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In this July 1, 2020, file photo, Tennessee Gov. Bill Lee answers questions during a news conference in Nashville, Tenn. As Tennessee has fueled one of the nation's worst COVID-19 surges for weeks, Gov. Bill Lee's approach hasn't strayed much from how he and several fellow Republican governors battling similar spikes have long approached the virus. He's resisted restricting public behavior and focused on keeping businesses open. (AP Photo/Mark Humphrey, File)

NASHVILLE, Tenn. (AP) — Tennessee's largest school districts are facing calls from Gov. Bill Lee to offer in-person learning, but Nashville and Memphis education officials on Friday declined to commit to a time frame.

Lee, a Republican, has sharpened his criticism of schools that have refused to offer in-person teaching because of COVID-19 safety concerns, declaring earlier this month that those districts were not using science to make such decisions.

According to the governor's office, Lee spoke with the top school officials in Nashville and Shelby County — which encompasses Memphis — this week not only to stress the importance of offering in-person instruction again, but also to state that the districts should do so by Feb. 15. Lee has zeroed in on the two school districts — the state's more left-leaning urban centers with notably higher Black and brown communities — as they have largely remained virtual during the pandemic.

"Consequences or anything of that nature was not discussed — simply support and wanting to see parents have that choice as soon as possible," Laine Arnold, Lee's spokesperson, said in an email on Friday.

But Shelby County Schools Superintendent Joris Ray announced on Friday that the district had scrapped its plan to return to in-person learning on Feb. 8 because of a spike in coronavirus cases.

"Right now, we are unable to provide a new target date for returning to buildings as we base our local decisions on the health and safety of all students and educators," Ray said in a statement, adding that the number of coronavirus cases in Shelby County had doubled over a 24-hour period just this week.

Ray also said that he asked Lee to prioritize education in the state's "vaccination lines" but claimed that the governor declined to do so.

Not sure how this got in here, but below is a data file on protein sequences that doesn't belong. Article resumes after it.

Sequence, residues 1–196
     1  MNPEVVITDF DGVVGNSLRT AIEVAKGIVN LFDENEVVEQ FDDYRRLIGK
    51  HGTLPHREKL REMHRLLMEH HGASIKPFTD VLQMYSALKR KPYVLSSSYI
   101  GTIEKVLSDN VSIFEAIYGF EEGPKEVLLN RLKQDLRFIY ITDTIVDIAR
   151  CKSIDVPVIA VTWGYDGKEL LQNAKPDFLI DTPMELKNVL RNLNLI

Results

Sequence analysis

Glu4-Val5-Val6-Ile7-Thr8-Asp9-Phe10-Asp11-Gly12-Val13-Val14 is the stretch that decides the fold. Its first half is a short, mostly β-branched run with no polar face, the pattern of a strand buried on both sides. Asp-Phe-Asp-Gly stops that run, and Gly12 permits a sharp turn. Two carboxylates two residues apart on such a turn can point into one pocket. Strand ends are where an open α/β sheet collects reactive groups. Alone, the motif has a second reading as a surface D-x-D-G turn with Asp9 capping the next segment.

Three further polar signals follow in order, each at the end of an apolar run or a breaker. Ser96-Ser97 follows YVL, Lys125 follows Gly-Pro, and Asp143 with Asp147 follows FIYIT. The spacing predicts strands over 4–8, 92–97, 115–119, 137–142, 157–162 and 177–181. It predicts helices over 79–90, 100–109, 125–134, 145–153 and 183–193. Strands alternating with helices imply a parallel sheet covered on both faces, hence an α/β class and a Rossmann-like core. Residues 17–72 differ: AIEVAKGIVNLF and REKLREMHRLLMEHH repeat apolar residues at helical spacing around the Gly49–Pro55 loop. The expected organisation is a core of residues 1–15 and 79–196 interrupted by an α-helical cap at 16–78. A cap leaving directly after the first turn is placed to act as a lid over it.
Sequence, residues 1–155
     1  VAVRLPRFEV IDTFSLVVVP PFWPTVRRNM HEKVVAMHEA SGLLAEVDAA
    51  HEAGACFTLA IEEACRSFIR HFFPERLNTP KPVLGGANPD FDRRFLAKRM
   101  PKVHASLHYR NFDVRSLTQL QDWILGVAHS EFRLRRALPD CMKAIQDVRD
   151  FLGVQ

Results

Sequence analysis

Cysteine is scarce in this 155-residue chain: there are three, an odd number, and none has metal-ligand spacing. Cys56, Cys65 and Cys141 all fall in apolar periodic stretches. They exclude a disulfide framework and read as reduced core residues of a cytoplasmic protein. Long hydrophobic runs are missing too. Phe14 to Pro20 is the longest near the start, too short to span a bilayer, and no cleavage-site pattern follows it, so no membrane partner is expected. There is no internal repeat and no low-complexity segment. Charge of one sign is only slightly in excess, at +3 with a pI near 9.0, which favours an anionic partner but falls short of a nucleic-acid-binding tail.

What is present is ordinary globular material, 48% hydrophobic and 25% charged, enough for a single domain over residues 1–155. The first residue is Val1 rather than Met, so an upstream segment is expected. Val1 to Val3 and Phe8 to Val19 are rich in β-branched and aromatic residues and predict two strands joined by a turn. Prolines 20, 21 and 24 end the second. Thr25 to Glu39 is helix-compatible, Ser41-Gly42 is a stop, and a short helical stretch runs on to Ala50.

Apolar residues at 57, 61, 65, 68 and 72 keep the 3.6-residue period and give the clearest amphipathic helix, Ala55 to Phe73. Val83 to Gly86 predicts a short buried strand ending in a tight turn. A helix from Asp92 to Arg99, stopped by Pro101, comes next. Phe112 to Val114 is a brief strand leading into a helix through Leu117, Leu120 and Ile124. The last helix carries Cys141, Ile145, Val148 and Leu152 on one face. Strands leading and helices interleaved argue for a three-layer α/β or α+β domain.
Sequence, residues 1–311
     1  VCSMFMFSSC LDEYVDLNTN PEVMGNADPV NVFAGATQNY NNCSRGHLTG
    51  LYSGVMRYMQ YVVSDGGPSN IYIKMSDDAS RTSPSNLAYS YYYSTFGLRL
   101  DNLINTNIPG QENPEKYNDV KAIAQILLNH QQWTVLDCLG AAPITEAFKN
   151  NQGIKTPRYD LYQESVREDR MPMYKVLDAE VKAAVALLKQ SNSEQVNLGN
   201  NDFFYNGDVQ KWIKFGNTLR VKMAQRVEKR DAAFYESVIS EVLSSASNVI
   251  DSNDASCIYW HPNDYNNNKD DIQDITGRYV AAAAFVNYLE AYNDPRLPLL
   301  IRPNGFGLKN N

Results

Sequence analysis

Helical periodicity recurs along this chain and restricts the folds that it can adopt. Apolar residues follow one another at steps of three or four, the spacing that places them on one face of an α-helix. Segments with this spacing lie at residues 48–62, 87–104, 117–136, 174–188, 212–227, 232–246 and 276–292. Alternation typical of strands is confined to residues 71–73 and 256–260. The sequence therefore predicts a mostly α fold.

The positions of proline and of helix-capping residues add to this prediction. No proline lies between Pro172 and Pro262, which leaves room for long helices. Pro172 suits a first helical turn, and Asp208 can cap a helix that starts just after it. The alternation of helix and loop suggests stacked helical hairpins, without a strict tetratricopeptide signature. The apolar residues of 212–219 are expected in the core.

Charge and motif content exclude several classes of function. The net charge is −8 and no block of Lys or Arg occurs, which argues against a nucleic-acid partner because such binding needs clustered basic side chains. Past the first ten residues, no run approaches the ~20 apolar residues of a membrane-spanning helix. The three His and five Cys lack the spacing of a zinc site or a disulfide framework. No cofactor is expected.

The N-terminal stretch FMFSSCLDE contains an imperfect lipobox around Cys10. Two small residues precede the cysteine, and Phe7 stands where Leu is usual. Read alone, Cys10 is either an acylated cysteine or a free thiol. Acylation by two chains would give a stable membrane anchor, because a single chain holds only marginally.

However, Lee's Department of Health has moved teachers into a higher priority category in its COVID-19 vaccination plan. This has since resulted in nearly 40 counties, in mostly rural areas, currently allowing educators to be vaccinated.

Meanwhile, Metro Nashville Public Schools Director Adrienne Battle announced that the district would reveal its reopening plan next week.

In a statement, Battle said the schools' COVID-19 risk score had dropped to its lowest level since it was introduced in November. If the risk score remains low, Battle said, the district will release details about phasing students back into school buildings.

For months, the state's top education officials have raised alarms that students are experiencing serious adverse learning effects from remote learning that could plague them for years. Lee's administration in particular has focused on Tennessee's dismal third-grade reading scores, warning that student learning has suffered.

Republican legislative leaders had floated a proposal that that would let the Tennessee education commissioner withhold state funding if a school district can't provide at least 70 days of in-person schooling during the 2020-2021 school year.

The proposal was ultimately abandoned, but the threat has elevated the political pressure on when and how schools should return to in-person learning. Republican legislative leaders have indicated that the bill will be back on the table during the regular legislative session, which picks up Feb. 8.

 

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